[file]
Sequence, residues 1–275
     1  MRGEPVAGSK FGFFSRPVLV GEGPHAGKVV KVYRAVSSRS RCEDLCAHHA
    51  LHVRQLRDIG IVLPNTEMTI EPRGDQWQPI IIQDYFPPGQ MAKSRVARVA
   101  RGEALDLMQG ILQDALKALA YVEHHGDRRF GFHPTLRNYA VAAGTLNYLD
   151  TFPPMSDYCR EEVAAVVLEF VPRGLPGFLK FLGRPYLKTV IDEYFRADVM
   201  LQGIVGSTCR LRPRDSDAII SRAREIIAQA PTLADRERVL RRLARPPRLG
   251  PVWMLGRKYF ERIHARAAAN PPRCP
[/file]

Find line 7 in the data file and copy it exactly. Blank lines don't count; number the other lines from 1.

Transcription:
   251  PVWMLGRKYF ERIHARAAAN PPRCP